The Trump administration plans to delay--and possibly scrap--an Obama-era rule that would allow foreign entrepreneurs to work in the U.S., according to a notice published in the Federal Register on Tuesday. Trump's decision further implied that the rule may ultimately be eliminated altogether.
The International Entrepreneur Rule would allow established founders who already have experience and capital to build their companies in the U.S. for 30 months without a visa. The rule, which was originally scheduled to go into effect July 17, was crafted by former President Barack Obama. It was approved by the Department of Homeland Security days before he left office.
In the notice, the Trump administration says it will postpone the implementation until March 14, 2018. The decision was part of government-wide review of federal immigration programs. "During the delay, DHS will be soliciting public comment on a proposal to withdraw to the rule, and individuals will not be able to apply for parole under the International Entrepreneur Rule," a spokesman told Recode.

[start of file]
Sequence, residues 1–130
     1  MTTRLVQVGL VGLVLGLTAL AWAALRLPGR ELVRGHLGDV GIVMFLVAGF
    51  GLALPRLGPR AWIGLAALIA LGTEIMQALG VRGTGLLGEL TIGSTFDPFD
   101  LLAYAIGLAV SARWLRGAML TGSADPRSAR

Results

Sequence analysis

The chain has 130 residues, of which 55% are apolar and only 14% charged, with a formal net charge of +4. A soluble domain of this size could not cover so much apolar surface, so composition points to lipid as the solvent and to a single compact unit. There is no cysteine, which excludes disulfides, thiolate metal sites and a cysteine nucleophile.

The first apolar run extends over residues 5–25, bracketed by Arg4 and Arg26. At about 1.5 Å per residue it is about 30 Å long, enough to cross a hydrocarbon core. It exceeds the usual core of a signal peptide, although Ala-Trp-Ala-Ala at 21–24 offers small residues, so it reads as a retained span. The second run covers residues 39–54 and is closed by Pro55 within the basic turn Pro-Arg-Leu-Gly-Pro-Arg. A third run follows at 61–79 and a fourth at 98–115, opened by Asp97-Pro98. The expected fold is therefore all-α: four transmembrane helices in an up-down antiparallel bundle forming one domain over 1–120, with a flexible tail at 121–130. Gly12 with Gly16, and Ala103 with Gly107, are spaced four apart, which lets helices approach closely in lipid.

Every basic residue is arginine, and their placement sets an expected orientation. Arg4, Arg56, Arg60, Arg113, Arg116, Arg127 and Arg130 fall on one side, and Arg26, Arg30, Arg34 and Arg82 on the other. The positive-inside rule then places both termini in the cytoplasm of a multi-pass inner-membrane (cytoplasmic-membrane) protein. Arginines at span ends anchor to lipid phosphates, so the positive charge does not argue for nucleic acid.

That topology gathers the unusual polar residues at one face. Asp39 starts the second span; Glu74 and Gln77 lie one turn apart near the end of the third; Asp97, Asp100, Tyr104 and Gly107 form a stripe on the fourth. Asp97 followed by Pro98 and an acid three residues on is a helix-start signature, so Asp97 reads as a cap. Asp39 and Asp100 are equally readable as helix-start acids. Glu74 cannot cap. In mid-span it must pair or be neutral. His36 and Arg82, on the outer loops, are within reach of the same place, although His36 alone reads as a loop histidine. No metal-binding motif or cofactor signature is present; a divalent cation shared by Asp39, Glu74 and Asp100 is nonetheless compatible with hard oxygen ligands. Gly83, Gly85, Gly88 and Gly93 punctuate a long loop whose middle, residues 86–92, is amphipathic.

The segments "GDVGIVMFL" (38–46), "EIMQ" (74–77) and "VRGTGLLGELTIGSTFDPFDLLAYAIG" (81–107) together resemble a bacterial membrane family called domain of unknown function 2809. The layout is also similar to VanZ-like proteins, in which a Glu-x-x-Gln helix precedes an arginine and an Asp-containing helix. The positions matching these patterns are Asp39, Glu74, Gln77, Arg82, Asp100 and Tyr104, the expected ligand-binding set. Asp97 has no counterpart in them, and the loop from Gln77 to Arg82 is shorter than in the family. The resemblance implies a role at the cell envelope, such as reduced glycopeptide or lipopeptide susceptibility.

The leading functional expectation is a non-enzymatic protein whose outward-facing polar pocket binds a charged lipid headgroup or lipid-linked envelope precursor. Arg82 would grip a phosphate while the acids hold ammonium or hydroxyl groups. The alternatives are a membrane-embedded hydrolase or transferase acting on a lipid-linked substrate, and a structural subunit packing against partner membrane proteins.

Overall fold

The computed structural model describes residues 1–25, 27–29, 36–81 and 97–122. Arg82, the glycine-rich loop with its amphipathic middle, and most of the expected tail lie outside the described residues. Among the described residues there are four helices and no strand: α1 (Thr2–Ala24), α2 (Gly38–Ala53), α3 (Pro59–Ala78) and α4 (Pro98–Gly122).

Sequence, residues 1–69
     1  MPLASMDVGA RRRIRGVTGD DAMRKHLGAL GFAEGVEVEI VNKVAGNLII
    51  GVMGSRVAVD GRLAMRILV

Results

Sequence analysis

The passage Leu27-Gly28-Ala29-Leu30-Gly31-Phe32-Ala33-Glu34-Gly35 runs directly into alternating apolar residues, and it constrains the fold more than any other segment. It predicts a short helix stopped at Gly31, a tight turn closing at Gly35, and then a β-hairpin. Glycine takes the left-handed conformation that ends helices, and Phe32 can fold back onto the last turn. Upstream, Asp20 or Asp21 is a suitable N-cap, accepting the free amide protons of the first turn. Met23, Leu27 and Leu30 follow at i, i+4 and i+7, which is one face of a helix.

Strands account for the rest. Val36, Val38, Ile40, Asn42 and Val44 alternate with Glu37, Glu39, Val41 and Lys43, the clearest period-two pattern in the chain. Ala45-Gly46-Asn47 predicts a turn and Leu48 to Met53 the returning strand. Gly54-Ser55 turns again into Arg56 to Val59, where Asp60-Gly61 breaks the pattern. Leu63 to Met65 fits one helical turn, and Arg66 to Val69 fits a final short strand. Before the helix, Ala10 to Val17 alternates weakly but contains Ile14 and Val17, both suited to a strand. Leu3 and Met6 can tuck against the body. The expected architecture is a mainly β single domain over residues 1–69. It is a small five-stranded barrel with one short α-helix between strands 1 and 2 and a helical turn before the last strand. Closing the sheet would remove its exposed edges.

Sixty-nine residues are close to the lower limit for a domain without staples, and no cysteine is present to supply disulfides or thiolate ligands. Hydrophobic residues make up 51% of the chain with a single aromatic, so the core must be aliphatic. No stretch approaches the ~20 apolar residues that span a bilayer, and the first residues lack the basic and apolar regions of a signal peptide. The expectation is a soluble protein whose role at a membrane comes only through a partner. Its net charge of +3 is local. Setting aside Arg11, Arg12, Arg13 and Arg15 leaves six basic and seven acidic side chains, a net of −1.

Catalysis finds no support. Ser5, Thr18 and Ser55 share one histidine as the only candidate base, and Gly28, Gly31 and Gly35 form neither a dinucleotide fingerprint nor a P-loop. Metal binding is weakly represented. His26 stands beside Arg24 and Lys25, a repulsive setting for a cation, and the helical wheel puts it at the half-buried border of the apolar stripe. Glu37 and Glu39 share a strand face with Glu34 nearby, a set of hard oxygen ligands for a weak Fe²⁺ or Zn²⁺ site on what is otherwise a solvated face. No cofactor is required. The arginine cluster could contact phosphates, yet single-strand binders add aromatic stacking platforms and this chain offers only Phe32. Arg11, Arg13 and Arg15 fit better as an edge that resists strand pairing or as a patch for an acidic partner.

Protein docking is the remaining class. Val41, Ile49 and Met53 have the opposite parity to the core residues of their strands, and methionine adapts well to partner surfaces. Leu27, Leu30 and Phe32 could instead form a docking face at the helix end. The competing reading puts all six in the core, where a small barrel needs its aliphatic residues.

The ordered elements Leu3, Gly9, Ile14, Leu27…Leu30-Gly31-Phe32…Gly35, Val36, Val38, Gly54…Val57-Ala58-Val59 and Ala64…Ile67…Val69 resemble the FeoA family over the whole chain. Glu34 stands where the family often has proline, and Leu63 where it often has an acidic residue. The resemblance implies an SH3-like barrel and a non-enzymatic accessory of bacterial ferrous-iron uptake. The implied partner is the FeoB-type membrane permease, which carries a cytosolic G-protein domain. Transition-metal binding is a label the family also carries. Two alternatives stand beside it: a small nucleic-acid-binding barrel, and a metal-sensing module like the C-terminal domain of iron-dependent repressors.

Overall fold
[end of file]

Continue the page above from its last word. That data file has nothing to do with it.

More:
In January, Axios reported that President Trump was planning to kill the program, leaving many supporters fearful that this delay may be the beginning of the end. Silicon Valley heavyweights have been advocating for the rule, adding that there's no straightforward path for an international entrepreneur to live in the U.S. while building a company. FWD.us, the Mark Zuckerberg-backed immigration advocacy group, called the delay "a setback for the United States in the global race for talent."
"Members of the tech and business communities made their voices heard on the necessity of the IER, and we are dismayed that the Administration has chosen to ignore the advice of so many job creators," Todd Schulte, FWD.us's president, said in a statement.